2 Basic Concepts

In this section, key aspects regarding the contributions provided by this work are fundamented.

2.1 Cloud Computing Infrastructure for Web Applications

Cloud computing is a model in which computational resources, such as servers, application, among others, are hired on-demand. These resources should be provided quickly, without much hassle from the service provider. It is indispensable that technologies used on those environments are horizontally scalable  [8], which is accomplished by integrating multiple software or hardware entities to work as one logical unit. For servers, adding new nodes will improve the performance of this logic unit, using mechanisms such as clusterization and load balancing  [8]. On the other hand, vertical scaling aims to increase processing power of a single entity, like adding memory to a server.

For Web application cloud environment, such as Amazon’s EC2 IaaS (Platform as a Service) approach, on demand horizontal scalability is provided with Amazon’s ELB (Elastic Load Balancing) technology. Other vendors provide similar services (Microsoft AAB and Google Cloud Auto Scaling Orchestrator). The idea is to automatically distribute incoming application traffic, initializing additional or shutting down hardware instances according to this traffic, as depicted on Figure 1.


Figure 1: Web application cloud environment with elastic load balancing

However, as stated by  [8], software elements must be compliant with auto scaling approaches, and most authentication solutions, such as Shibboleth, requires adaptations, and as will be discussed on the following sections.

2.2 Identity Management as a Service

A digital identity is a representation of an entity (or group of entities) in the form of one or more elements of information (attributes) that allows the recognition of an entity in a specific context  [4]. A identity management system aggregates a collection of tools to manage individual identities in a digital environment  [4]  [11]. A feature largely utilized on these systems includes SSO, so the user does not need to authenticate every time to access different applications. The responsibilities of an identity management system can categorized in the following items:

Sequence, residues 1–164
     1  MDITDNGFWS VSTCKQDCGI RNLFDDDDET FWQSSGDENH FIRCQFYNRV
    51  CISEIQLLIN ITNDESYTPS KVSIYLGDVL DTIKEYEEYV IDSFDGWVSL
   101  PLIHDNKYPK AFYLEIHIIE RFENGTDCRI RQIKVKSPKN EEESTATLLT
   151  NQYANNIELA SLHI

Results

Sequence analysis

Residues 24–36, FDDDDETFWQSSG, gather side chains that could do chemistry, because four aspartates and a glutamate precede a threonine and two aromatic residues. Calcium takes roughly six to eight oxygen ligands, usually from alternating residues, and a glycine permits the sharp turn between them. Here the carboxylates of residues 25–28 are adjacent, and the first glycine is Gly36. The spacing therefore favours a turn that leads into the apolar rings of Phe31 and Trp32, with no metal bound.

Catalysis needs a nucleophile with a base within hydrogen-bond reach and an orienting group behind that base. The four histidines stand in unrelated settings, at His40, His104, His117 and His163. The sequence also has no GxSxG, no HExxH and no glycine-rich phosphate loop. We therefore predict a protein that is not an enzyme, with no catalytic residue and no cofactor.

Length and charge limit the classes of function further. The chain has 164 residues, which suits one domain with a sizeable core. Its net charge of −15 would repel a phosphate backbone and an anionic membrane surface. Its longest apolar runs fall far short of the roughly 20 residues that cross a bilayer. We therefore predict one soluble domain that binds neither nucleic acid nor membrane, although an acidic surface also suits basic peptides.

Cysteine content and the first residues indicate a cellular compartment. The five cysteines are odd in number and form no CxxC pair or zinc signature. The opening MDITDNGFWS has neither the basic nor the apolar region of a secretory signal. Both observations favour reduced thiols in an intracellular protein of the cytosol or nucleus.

• Authentication: Asserts that the user is who he claims to be, using mechanisms such as password, biometry, digital certificate, among others.
  • Authorization: Access control in different levels, features and operations within a computational system.
  • Federation: When a group of organizations share identity information between it’s users in a trusted way  [12].

Considering that organizations can provide services of different segments on the cloud, it is recommended to promote the separation of identity management tasks in a single service  [3]. This model presents two components:

  • Identity Provider IP: Service responsible to authenticate users and provision credentials information to registered services that requires it.
  • Service Provider SP: Provides the features that the user consumes. If it’s access is restricted, the IP must be queried to collect credentials.

For organizations that develop IP it means less preoccupation with identity technology, allowing more investment on the service management and less on security infrastructure  [3]. Also, this approach is imperative for SSO mechanisms in a federated identity environment.

3 Related Work

The related work of this paper is separated in two groups. The first aims to consolidate identity management and access control in a cloud environment, providing theoretical models and practical implementation for this purpose. The second addresses the session management between user and services on the cloud, a mechanism largely adopted on identity management technologies.

3.1 Access control in a cloud environment related work group

In  [13], an authorization model is established, providing means to secure resources on a SaaS (Software-as-a-Service) cloud. At each request, a new authorization process is performed. This approach is recommended for REST Web Services based solutions, since RESTful approaches should not make use of HTTP session  [14]. In  [3], the challenges to secure services on the cloud are discussed, and the notion of identity management as a service is presented, as well as the requirements to build a solution for this segment. In  [7], a federated identity management architecture for the cloud is proposed. A scenario is structured in a way that services are deployed on virtual machines provided by Amazon EC2, and authentication providers in a separated third party environment. The proposal is based on Shibboleth and CAS, however the horizontal scalability support of the solution is not addressed.

3.2 Session management in cloud services related work group